Freedom – December 31, 2008 – It was a Leap Year…did you notice? If nothing else, the weather made February 29 memorable since it was the coldest day of the winter, with a low of -14.6 degrees, according NorthConwayWeather.com.
In addition to bone-chilling cold, Mother Nature provided abundant snow and ice in the first part of the year, causing buildings to collapse at Camps Marist and Robin Hood and giving Bob Smart a lot to write about. Predicted spring floods didn’t materialize, however, and in the end the season fell short of the winter of 1969 – still the champion of snowy winters.
Summer’s relentless pattern of dreary skies and rain showers was dramatically interrupted by a tornado, which is rare but not unheard of in our area. Approaching from the southwest, it missed the lake but tore through parts of Ossipee, Effingham and Freedom with winds up to 135 mph, causing massive destruction of trees but sparing homes and lives.
A tempest of a different sort flared in cyberspace after neighbors of the Ossipee Lake webcam complained the popular device was creating a public nuisance by attracting gawkers. They threatened legal action, and cam-fans from around the country pleaded for a truce. So far, the truce has held.
Ending years of indecision, DRED called a meeting of state agencies and wrote a management plan it hopes will balance recreation and preservation at Ossipee Lake Natural Area. Then it convened a 17-member panel of boaters, environmentalists and business leaders to help make it work next summer.
It was a hung jury in the Sean Fitzpatrick love triangle murder trial, and a new court date was set for January. Donald Lee will also be back in court in January to explain why he still has no plan to remediate his damage to the lake more than two years after being told to do so by a judge. Another legal long-player, outdoor boat storage at Ossipee Lake Marina, went from Superior Court to Supreme Court and back to Superior Court, where the case will be re-tried in 2009.
In Concord, the world’s largest deliberative body approved several useful pieces of lake legislation and missed the boat on others. On the positive side, a loophole in State septic system regulations was eliminated, making it more likely that failed systems will be repaired when a lake property is sold. Also to the good, the mooring law was amended to allow new bodies of water to be added to the current list of lakes where moorings are controlled.
Despite well-funded opposition by owners of high-performance boats, a speed limit – a controversial but a worthy experiment – was mandated for Lake Winnipesaukee next summer. As the law was being signed, one of the bill’s most vocal opponents was seriously injured when she crashed her boat into a rocky island at night, killing a passenger.
After saying last year’s amendments to the Comprehensive Shoreland Protection Act would make the law simpler, the State delayed the January 1 start date because too many people couldn’t understand the changes. A delay to April 1st and another delay to July 1st didn’t do much to help.
Milfoil’s relentless destruction of State lakes continued without serious legislative debate. This year, 36 lakes applied to DES for $450,000 worth of help to remove milfoil and found the State had just $60,000 in the kitty.
New Hampshire pays for milfoil control with revenue from boat registrations; so the more boats there are, the more milfoil control money there is. But more boats means more milfoil enters the lakes and gets spread around; which means more boat registrations are needed to pay for more milfoil control. When boat registrations tank, as they did this year, the funding model (if you want to call it that) falls apart.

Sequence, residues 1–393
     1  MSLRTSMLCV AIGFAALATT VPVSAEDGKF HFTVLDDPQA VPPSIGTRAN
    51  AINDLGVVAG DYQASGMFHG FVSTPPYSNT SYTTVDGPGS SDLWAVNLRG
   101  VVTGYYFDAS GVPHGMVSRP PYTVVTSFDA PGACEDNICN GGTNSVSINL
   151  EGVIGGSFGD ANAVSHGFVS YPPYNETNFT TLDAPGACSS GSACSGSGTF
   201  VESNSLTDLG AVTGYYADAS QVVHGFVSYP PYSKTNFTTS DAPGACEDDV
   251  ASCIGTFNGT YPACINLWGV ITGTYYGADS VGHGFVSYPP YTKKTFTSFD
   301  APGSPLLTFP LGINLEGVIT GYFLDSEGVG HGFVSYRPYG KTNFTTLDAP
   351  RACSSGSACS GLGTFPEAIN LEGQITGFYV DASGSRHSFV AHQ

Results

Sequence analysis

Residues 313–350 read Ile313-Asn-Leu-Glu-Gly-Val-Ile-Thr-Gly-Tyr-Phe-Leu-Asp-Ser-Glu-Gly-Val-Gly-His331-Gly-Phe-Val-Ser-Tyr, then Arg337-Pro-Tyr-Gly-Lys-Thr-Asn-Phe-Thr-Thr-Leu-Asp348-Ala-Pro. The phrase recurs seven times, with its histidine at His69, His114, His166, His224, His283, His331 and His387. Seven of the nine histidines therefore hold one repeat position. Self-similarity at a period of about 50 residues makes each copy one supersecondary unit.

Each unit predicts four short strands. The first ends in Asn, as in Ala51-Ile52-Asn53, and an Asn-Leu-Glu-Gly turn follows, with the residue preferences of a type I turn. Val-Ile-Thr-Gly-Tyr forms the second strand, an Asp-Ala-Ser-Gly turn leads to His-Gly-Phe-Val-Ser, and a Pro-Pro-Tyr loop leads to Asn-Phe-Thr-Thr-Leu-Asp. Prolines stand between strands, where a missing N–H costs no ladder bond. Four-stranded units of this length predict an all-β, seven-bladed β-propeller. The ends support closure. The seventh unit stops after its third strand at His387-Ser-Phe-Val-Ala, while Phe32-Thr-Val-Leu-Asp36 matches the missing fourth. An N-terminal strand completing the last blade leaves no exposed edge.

Legislators have rejected all manner of solutions, from boat ramp entrance fees to registrations for visiting out-of-state boaters. Instead, they’ve made milfoil a local problem, to be fretted about, fought over and ultimately paid for by lake towns and lake property owners, even though the State owns the lakes and controls the ramps.
As this year’s unfunded milfoil control projects roll over to next year – including a $14,000 Danforth Pond project – we congratulate Bill Denley as our new State Senator, and John Roberts, Susan Wiley and Mark McConkey as our new State Representatives. We wish them all the best and hope that a serious milfoil control plan will be at the top of their to-do lists for the New Year.
Before we ring-off, some shout-outs to some of our favorite people of 2008.
Ossipee residents Elizabeth and Bob Gillette led the Route 16 viewshed purchase and the Whittier Bridge restoration project, amazing us with what two determined people can accomplish in a single year.
Freedom’s community service dynamo, Jennifer Molin, seemingly overnight established the “Freedom Cares” organization to explore ways that Freedom’s historic buildings and unique character can be preserved as the town continues to grow and expand.
A toast also to newspaper columnist Ed Parsons, whose Conway Daily Sun articles about hiking – in the sun, in the rain, in the snow and at night – are a delight to read and are a reminder of the extraordinary natural beauty that lies just beyond the lake in the mountains that surround us.
Finally, our sincere thanks to those of you who wrote a check, sent us comments and ideas and in numerous other ways supported our work in a year that was challenging, to say the least. We will continue to work hard on your behalf and hope again to live up to your expectations.
Whether this message finds you on the lake or wishing you were, Happy New Year and all the best for 2009 from everyone at Ossipee Lake Alliance.